The experiences of stopping self-harm in adults

Rowland, Chloe Margaret

Clinical psychology
June 2014

Thesis or dissertation


Rights
© 2014 Chloe Margaret Rowland. All rights reserved. No part of this publication may be reproduced without the written permission of the copyright holder.
Abstract

The portfolio has three parts. Parts one and two are conceptually linked by their focus on self-harm and the cessation of the practice.

Part one is a systematic literature review. Each individual’s self-harm experience is unique to them but there has been research that has shown that there are similarities between each experience. The systematic literature review examines the views and experiences of those who practice the behaviour with a view to identifying any similarities and discrepancies.

Part two is an empirical paper. The therapies that have been studied for their effect on self-harm behaviours have failed to yield results that show that any one approach is consistent in decreasing the frequency and/or intensity of the behaviour. The empirical paper reports a study that explored the experiences of 8 adults who had previously self-harmed but no longer did so. It was hoped that the themes and any commonalities between the experiences would provide insight into what is poignant for the individuals when stopping the behaviour and that this would contribute to the on-going work helping people to no longer use the behaviour.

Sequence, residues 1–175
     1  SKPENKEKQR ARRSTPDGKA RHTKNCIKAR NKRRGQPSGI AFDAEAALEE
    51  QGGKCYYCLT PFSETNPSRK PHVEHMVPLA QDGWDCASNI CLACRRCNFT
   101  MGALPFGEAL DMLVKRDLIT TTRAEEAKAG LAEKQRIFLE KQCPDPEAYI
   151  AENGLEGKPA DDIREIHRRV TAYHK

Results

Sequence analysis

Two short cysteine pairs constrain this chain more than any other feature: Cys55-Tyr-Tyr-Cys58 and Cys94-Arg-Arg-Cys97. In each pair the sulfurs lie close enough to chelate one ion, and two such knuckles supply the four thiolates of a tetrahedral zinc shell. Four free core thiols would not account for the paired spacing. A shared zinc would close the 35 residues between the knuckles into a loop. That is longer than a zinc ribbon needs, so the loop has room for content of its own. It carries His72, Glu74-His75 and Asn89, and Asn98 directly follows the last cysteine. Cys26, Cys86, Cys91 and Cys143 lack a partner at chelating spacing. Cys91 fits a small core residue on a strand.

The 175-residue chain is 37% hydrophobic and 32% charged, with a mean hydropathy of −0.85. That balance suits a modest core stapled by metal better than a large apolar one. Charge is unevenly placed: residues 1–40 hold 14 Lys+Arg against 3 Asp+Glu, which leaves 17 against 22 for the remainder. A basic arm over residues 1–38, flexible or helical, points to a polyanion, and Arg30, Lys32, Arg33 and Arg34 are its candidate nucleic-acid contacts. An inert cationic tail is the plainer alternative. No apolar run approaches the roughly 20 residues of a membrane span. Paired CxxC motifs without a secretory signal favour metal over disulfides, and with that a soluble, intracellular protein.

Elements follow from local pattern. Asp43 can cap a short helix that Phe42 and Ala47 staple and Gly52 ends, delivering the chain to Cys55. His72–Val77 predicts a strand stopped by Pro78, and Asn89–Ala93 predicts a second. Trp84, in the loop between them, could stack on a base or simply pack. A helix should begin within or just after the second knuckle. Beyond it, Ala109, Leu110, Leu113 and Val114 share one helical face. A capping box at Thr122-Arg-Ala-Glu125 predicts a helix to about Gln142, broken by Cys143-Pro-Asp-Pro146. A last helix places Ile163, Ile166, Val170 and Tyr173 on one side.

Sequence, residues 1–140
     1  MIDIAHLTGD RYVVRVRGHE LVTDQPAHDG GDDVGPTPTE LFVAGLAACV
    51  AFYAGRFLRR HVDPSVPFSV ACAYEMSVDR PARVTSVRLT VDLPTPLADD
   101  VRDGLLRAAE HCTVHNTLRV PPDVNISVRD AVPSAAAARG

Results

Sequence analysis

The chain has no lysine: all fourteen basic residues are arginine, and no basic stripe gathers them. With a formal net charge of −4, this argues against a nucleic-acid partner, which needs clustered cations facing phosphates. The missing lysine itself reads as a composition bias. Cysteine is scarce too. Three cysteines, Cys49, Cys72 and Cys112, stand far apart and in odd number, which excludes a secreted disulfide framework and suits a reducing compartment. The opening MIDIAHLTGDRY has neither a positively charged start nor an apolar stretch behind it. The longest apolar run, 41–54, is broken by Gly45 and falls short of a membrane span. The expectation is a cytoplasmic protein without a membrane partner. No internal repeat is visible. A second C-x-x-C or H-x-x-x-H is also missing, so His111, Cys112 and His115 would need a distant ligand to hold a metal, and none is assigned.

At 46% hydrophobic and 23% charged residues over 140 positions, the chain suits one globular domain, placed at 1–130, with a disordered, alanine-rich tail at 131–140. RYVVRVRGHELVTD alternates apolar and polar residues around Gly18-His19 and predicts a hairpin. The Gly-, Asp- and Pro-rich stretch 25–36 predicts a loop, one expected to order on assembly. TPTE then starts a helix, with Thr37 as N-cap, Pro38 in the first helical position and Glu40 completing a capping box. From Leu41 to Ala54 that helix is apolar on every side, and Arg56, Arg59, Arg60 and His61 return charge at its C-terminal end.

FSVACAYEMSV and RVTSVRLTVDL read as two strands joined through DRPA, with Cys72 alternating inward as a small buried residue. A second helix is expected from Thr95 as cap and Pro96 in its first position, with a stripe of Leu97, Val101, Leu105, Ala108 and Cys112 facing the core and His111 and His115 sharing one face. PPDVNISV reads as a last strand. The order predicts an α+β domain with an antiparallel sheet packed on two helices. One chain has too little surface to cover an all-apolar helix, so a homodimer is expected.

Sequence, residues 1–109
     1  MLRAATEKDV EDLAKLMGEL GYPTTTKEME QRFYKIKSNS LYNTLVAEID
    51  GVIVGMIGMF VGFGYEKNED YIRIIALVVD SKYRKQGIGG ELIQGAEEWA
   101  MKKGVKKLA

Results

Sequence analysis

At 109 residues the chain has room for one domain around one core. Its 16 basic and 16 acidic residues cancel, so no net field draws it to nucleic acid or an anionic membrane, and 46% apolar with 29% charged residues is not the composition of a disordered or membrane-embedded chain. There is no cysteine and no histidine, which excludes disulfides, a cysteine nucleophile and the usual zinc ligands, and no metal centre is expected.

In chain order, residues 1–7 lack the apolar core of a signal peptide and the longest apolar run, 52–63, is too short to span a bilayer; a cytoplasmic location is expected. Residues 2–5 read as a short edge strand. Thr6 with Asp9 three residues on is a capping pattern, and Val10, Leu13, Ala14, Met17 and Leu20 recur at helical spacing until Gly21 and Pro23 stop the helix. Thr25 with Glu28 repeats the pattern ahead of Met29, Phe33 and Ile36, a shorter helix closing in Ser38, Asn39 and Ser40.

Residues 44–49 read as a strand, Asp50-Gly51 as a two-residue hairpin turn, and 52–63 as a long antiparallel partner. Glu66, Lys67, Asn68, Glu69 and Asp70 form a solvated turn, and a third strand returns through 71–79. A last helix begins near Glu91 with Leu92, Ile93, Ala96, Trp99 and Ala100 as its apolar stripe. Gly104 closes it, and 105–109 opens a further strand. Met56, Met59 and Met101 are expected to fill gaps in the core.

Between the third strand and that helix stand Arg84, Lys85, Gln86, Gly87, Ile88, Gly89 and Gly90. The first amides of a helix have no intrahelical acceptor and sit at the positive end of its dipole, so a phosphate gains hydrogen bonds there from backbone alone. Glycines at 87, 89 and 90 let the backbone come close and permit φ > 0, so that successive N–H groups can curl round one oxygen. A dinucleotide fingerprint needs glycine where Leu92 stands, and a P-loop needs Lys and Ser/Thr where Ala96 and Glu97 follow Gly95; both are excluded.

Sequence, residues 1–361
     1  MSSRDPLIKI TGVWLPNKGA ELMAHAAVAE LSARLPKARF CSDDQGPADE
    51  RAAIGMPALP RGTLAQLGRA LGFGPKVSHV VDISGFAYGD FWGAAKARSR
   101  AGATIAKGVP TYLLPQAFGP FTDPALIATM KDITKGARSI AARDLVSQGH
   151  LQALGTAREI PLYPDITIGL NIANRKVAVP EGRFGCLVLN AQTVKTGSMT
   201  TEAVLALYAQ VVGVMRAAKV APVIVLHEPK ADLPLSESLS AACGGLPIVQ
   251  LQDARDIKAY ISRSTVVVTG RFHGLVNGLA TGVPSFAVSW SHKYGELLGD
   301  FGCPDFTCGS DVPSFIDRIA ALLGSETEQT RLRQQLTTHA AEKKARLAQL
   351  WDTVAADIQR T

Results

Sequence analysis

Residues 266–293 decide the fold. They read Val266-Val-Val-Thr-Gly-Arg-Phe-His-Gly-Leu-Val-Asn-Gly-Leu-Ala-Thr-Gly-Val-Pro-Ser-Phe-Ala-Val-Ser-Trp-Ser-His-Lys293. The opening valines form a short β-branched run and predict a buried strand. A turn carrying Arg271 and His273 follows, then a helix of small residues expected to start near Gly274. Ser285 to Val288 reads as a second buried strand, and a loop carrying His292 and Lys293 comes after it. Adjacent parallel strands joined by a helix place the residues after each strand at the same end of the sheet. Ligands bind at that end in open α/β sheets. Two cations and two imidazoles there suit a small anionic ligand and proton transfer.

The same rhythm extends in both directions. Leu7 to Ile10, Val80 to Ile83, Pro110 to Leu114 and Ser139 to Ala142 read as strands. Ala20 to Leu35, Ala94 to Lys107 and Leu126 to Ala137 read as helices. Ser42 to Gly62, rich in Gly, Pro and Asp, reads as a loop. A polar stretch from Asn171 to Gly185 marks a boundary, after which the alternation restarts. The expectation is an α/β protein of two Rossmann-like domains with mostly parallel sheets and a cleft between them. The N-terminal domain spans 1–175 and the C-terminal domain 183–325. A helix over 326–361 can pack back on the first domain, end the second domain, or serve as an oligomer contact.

Part three comprises the appendices.

Publisher
Department of Clinical Psychology, The University of Hull
Supervisor
Hutchinson, Nick
Qualification level
Doctoral
Qualification name
ClinPsyD
Language
English
Extent
1 MB
Identifier
hull:10893
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